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Stereokimono - Ki

Stereokimono - KiFrom their name, you could be excused for thinking Stereokimono is a Japanese band, but you would be wrong.  In fact Cristina Atzori (drums, percussion), Antonio Severi (guitars, keyboards) and Alessandro Severi (bass, keyboards) who make up the trio that is Stereokimono hail from Bologna in Italy.  Playing the music classification game, I would say it definitely fits into the prog category, sometimes jazzy, sometimes bluesy, often experimental but the band jokingly refer to it as ‘psycophonic oblique rock’ which when you hear it, is not far from the truth.

Ki, which was released in November 2000, opens with the track EH! AH! And the sound of a dripping tap that abruptly turns into something that a merger of King Crimson and Gentle Giant may have thought up. 

Track 2, Apoteotico (trans: Apotheosis) starts with a slow walking bass line and echo electric guitar, which with spacey synth could be from the X-Files.  This soon opens up into a bouncy Gentle Giant style melody delicately performed yet with underlined aggression – I’d love to see a live performance. 

Track 3 is entitled Phileas Fogg, he of Around The World In Eighty Days fame.  The intro to this is very much in a Camel (Moonmadness) vein but as you would expect from an 11 minute track, changes abound with the overall effect being Porcupine Tree plus oodles of jazz two thirds of the way through.  There’s more than a nod towards Pink Floyd’s Wish you Were Here and Animals in terms of sound and composition.

Track 4, Per Vederlo Devi Chiudere Gli Occhi (trans: In Order To See It You Have To Close Your Eyes), opens with an old recording of a softly spoken voice in German that sounds dark and spooky.  A translation by my friend Laura H. indicates he is saying, "There you will find a meadow, you are so tired. Now just let yourself sink into the silence of the grass and stretch your tired limbs out. That will do you good, that will do you good.” so the speaker is most probably Sigmund Freud.  The theme then becomes fast and furious a little like Sparks then develops into an exotic middle eastern sounding Madness instrumental closing with a drowsy low monotone humming/breathing in time to a heartbeat.  The visualisation words spoken and the slow ‘breathing at the end are indicative of relaxation and self-hypnosis techniques.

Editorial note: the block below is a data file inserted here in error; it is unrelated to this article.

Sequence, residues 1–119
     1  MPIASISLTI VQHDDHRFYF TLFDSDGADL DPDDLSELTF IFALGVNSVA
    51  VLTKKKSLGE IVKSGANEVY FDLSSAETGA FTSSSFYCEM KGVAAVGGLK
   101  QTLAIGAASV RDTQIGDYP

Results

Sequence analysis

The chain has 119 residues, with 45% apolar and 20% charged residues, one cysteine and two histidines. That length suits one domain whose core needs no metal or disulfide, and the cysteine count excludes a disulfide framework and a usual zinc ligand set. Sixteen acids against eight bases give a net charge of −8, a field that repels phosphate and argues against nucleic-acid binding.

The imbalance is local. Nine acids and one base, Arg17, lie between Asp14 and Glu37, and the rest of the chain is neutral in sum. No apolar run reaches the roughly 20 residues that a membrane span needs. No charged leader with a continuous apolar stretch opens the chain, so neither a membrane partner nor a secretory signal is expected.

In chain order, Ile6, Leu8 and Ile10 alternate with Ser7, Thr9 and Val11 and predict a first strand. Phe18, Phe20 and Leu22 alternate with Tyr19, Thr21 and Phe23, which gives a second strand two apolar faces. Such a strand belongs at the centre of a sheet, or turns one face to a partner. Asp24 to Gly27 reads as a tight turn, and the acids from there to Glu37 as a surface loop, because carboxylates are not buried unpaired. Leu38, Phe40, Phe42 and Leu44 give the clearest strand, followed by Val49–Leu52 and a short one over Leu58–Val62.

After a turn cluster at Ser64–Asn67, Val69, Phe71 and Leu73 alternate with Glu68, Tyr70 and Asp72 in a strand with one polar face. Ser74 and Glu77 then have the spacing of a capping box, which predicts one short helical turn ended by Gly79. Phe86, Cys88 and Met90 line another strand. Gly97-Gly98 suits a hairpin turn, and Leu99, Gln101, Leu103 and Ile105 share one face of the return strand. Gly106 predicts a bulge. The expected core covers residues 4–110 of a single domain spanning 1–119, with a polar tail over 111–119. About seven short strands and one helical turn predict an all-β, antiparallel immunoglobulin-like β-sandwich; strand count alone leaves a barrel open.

L’Altra Marea (trans: A Different Tide) is described in the liner notes as “Electric waves and magnetic currents for a futuristic waltz in ¾ to try out in the dance hall…” the first three minutes of which features all manner of electronic sounds (Genesis The Waiting Room) followed by, well, electric waves and magnetic currents in ¾ with wonderful intermingling of instruments painting a Floydian wash.  I did mention the Porcupine Tree and Pink Floyd feel this album has, didn’t I?

Istanbul Di Giorno (trans: Instanbul By Day) invokes the very atmosphere of Turkey so much so you can almost smell the food.  Interestingly, the opening ‘howling wind’ reminds me of Floyd’s One Of These Days.

Penultimate track, Concerto N. 1 Per Pianoforte E Sgabello (trans: Concerto N. 1 For Piano And Stool) is explained by the liner notes as the piano stool envious of the piano attempts to become a violin.  A short track at only a minute.  The creaking turning to screeching is unfortunately reminiscent of my right shoulder joint!

The final track, Il Nulla Respira (trans: The Nothingness Breathes) sounds a little like an obtuse Violinski’s Clog Dance (featuring ELO’s Mik Kaminsky back in 1978) but with jazz influence.  The album ends with the recording in German the literal translation of which appears to be "I will sit down there", perhaps implying that that the music has worked and the subject of the therapy is relaxed.

The CD is packaged in a double folded high gloss card (the central design feature is embossed) with the CD contained in a separate full colour inner sleeve.  Also included is a separate sheet with track explanations and English translations of the track listing (I did Latin at school but alas no Italian).

After reading the above, you may be misled into thinking that this album is a little ‘off the wall’ experimentally, but you would be wrong.  Yes, it explores new avenues but it also pays homage to styles we are probably more at home to – technology and tradition – stereo kimono.  The end result is a very listenable and enjoyable embarkation into something that deviates slightly away from the norm.  The musicianship and innovative compositions are to be congratulated.  A good meal followed with a bottle of Chianti Classico, low lighting and Stereokimono’s Ki will soon get you travelling your own inner world for an all too short 48 minutes.

Jem Jedrzejewski


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